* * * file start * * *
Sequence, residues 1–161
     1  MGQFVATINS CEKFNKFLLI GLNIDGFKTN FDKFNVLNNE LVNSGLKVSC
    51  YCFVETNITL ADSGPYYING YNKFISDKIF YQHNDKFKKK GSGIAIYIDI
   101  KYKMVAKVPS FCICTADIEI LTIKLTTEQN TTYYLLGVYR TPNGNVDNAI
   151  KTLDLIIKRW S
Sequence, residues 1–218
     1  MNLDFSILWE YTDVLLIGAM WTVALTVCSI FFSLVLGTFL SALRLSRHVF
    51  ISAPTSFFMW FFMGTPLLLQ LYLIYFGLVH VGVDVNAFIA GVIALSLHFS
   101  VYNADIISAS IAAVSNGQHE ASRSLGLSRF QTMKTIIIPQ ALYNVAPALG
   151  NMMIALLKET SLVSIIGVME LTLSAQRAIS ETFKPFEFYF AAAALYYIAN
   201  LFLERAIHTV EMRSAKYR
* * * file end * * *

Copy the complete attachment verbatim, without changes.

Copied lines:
Sequence, residues 1–161
     1  MGQFVATINS CEKFNKFLLI GLNIDGFKTN FDKFNVLNNE LVNSGLKVSC
    51  YCFVETNITL ADSGPYYING YNKFISDKIF YQHNDKFKKK GSGIAIYIDI
   101  KYKMVAKVPS FCICTADIEI LTIKLTTEQN TTYYLLGVYR TPNGNVDNAI
   151  KTLDLIIKRW S
Sequence, residues 1–218
     1  MNLDFSILWE YTDVLLIGAM WTVALTVCSI FFSLVLGTFL SALRLSRHVF
    51  ISAPTSFFMW FFMGTPLLLQ LYLIYFGLVH VGVDVNAFIA GVIALSLHFS
   101  VYNADIISAS IAAVSNGQHE ASRSLGLSRF QTMKTIIIPQ ALYNVAPALG
   151  NMMIALLKET SLVSIIGVME LTLSAQRAIS ETFKPFEFYF AAAALYYIAN
   201  LFLERAIHTV EMRSAKYR